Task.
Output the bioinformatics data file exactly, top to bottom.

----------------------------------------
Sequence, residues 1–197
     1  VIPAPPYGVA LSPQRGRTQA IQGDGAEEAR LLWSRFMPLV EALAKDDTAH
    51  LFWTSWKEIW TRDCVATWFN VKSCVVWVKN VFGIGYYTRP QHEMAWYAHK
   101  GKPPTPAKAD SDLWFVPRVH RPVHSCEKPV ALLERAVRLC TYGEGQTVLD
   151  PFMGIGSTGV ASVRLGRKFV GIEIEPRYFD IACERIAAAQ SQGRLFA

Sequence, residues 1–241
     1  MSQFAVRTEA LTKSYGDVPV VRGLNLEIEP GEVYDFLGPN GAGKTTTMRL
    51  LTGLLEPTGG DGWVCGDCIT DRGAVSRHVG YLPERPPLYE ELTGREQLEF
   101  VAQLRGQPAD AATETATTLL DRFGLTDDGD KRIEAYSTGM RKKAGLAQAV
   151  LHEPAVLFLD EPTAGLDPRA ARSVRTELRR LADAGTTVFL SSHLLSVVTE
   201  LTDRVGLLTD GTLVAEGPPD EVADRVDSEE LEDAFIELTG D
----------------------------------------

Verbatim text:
Sequence, residues 1–197
     1  VIPAPPYGVA LSPQRGRTQA IQGDGAEEAR LLWSRFMPLV EALAKDDTAH
    51  LFWTSWKEIW TRDCVATWFN VKSCVVWVKN VFGIGYYTRP QHEMAWYAHK
   101  GKPPTPAKAD SDLWFVPRVH RPVHSCEKPV ALLERAVRLC TYGEGQTVLD
   151  PFMGIGSTGV ASVRLGRKFV GIEIEPRYFD IACERIAAAQ SQGRLFA

Sequence, residues 1–241
     1  MSQFAVRTEA LTKSYGDVPV VRGLNLEIEP GEVYDFLGPN GAGKTTTMRL
    51  LTGLLEPTGG DGWVCGDCIT DRGAVSRHVG YLPERPPLYE ELTGREQLEF
   101  VAQLRGQPAD AATETATTLL DRFGLTDDGD KRIEAYSTGM RKKAGLAQAV
   151  LHEPAVLFLD EPTAGLDPRA ARSVRTELRR LADAGTTVFL SSHLLSVVTE
   201  LTDRVGLLTD GTLVAEGPPD EVADRVDSEE LEDAFIELTG D